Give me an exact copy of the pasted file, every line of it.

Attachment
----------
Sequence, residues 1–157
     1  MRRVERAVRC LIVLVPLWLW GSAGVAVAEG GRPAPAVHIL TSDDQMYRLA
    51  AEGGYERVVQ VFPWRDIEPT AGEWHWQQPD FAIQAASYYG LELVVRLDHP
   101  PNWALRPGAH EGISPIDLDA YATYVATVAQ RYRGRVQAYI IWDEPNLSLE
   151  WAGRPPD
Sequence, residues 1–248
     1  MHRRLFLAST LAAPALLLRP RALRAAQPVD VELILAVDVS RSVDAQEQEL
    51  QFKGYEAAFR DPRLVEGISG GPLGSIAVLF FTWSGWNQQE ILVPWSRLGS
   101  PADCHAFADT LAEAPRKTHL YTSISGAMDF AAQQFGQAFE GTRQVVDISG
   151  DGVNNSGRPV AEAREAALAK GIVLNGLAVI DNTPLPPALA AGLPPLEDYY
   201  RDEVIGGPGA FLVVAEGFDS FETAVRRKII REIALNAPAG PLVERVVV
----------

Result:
Sequence, residues 1–157
     1  MRRVERAVRC LIVLVPLWLW GSAGVAVAEG GRPAPAVHIL TSDDQMYRLA
    51  AEGGYERVVQ VFPWRDIEPT AGEWHWQQPD FAIQAASYYG LELVVRLDHP
   101  PNWALRPGAH EGISPIDLDA YATYVATVAQ RYRGRVQAYI IWDEPNLSLE
   151  WAGRPPD
Sequence, residues 1–248
     1  MHRRLFLAST LAAPALLLRP RALRAAQPVD VELILAVDVS RSVDAQEQEL
    51  QFKGYEAAFR DPRLVEGISG GPLGSIAVLF FTWSGWNQQE ILVPWSRLGS
   101  PADCHAFADT LAEAPRKTHL YTSISGAMDF AAQQFGQAFE GTRQVVDISG
   151  DGVNNSGRPV AEAREAALAK GIVLNGLAVI DNTPLPPALA AGLPPLEDYY
   201  RDEVIGGPGA FLVVAEGFDS FETAVRRKII REIALNAPAG PLVERVVV